HAMMOND | Naomi House decided in the fifth grad that she wants to play in the WNBA.
More than just her skills as a basketball player, House realized long before she started her freshman year at Bishop Noll that she'd need an education to get there.
"My uncle could have gone into the NBA, but his grades weren't there," House said. "We have a lot of athletes in the family, but their grades threw them off. Right now, I have OK grades to get me through, but I know I can try harder."
So House picked Noll for the education.
On the basketball court she's averaging 17.2 points per game in her first year, mostly coming off of the bench. Her athleticism makes her one of the top freshmen in the area, matched in part by her fellow Class of 2016 players Brenda Pennington and Tori Keilman.
"She's very aggressive offensively," Bishop Noll coach Vanita Gary said. "She's not afraid to take the shot and drive the lane, yet she's still an unselfish player."
The Warriors (9-1) are happy to take House off the bench, where she can be a spark plug in the game, and it gives her a chance to utilize her other skill: chess.
House was hoping to spend her non-basketball time in the chess club at Noll, until she found out the Hammond school didn't have one.
House has played chess almost as long as she's played basketball, competing in state tournaments and staring down opponents across a different playing field.
She said the chess helps her game almost as much as her soft-touch 3-pointer.
"I'm trying to see what my opponents are trying to do, what moves they're trying to make, how they telegraph passing the basketball," House said. "It helps a lot with basketball."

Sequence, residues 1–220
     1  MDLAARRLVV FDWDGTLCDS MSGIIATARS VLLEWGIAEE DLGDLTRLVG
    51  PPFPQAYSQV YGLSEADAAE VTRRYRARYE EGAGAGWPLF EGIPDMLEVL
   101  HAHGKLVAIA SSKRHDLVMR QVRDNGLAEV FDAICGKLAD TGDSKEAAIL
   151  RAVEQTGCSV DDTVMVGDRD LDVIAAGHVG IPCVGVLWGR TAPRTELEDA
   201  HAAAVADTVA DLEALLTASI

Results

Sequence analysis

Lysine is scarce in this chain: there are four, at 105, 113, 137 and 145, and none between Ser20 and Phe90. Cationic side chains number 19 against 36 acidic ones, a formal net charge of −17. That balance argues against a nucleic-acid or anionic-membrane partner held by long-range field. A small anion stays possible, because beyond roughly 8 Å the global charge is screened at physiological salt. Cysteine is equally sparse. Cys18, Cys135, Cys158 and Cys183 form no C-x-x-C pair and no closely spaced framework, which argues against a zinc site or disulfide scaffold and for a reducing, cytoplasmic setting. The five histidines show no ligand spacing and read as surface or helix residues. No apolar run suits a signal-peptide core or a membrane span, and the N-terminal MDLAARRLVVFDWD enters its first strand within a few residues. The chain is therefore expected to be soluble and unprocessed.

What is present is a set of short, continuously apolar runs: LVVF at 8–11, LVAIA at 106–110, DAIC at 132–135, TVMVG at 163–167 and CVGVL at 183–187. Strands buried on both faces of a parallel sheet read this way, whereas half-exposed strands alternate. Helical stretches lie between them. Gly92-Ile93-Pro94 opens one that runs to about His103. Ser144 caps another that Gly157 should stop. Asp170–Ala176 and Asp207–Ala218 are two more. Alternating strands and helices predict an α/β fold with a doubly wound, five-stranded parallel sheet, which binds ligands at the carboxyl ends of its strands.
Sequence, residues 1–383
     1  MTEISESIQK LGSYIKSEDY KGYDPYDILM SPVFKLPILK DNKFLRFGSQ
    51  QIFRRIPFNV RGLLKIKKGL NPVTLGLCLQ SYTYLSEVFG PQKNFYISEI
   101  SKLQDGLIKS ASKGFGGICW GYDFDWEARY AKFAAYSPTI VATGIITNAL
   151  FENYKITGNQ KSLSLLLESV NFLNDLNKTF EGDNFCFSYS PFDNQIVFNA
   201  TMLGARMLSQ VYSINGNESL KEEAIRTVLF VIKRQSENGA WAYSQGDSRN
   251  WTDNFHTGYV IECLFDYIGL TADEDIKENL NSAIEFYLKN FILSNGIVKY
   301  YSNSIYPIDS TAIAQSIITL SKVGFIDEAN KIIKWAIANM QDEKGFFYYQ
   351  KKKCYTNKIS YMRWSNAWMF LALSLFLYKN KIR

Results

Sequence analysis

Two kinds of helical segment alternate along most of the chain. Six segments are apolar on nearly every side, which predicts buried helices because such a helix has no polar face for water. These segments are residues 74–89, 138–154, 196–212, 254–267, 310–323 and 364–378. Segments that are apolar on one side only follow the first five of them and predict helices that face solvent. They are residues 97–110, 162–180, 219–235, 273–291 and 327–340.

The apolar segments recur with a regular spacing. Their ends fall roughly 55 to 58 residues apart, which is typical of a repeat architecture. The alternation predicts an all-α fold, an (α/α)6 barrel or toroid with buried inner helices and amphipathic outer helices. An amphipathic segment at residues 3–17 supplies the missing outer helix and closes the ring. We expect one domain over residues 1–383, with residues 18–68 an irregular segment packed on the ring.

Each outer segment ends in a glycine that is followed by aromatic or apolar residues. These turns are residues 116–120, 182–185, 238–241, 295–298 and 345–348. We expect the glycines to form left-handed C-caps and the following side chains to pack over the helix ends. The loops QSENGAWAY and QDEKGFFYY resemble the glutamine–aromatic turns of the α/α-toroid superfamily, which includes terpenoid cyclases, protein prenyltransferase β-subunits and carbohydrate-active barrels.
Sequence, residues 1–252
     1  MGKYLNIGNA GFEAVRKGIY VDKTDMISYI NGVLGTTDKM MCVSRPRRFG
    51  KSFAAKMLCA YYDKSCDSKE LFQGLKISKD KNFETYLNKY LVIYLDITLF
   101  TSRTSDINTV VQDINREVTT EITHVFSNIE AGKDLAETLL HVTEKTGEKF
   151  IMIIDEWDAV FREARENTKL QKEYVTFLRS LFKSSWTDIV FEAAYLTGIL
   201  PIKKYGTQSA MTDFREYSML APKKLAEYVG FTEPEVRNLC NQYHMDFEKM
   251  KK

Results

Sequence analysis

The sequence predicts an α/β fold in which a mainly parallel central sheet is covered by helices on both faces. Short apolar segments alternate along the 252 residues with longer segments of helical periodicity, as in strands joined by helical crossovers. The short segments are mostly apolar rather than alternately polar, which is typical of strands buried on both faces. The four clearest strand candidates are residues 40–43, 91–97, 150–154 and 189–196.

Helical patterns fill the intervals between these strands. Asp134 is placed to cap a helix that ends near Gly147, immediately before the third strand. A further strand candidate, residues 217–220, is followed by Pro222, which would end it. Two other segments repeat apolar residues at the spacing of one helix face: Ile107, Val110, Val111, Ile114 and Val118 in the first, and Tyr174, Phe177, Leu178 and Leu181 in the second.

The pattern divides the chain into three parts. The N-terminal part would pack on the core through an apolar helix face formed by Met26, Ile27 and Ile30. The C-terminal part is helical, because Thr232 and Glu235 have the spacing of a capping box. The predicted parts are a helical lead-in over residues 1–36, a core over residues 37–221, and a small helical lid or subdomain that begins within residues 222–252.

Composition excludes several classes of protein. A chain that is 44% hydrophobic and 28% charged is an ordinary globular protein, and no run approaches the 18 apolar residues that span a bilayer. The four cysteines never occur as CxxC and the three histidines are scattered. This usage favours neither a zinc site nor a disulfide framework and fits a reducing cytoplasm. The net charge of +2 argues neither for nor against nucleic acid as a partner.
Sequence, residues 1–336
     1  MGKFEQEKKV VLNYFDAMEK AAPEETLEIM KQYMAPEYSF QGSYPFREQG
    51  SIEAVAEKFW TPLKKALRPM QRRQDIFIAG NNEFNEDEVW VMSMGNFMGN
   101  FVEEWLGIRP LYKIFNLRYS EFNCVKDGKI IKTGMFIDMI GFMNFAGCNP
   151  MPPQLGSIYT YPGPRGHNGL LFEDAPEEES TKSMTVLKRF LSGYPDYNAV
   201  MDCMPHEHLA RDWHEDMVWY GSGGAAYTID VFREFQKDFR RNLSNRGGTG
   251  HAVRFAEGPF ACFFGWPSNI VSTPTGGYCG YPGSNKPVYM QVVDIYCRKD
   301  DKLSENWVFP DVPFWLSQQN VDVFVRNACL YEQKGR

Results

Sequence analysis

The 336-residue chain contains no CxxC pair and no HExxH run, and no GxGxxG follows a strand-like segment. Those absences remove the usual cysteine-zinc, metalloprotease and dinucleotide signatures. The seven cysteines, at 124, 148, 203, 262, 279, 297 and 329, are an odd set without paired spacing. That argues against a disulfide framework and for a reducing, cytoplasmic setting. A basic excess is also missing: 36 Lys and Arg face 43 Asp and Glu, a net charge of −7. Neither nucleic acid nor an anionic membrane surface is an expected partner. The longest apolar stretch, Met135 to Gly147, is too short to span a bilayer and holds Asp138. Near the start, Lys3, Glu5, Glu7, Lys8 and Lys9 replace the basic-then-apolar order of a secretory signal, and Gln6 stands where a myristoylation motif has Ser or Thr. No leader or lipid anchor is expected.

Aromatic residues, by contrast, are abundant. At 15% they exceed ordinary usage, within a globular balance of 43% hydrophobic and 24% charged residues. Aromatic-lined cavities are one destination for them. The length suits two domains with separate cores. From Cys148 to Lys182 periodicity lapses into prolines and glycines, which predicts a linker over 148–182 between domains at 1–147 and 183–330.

House said her grandfather, Ronald Blevins, taught her to play chess, and also taught her that the best players don't always start a game. Using House as an occasional starter, but also as a weapon off the bench, has helped both the Warriors' record and House's attitude toward the game.
"My grandpa told me that the person on the bench coming into the game has more skills than the person coming off the court," House said. "The opponent only sees me as a teammate coming in for another teammate."
As House grows, so will her game. She and her teammates have the Warriors off to their best record in decades and are tied atop the Greater South Shore Conference with Whiting.
"There's always an adjustment to the game, to the speed of the game at the varsity level, and there's a maturity of being a freshman," Gary said. "She's always been a strong scorer, but to get better, there are things that definitely need work."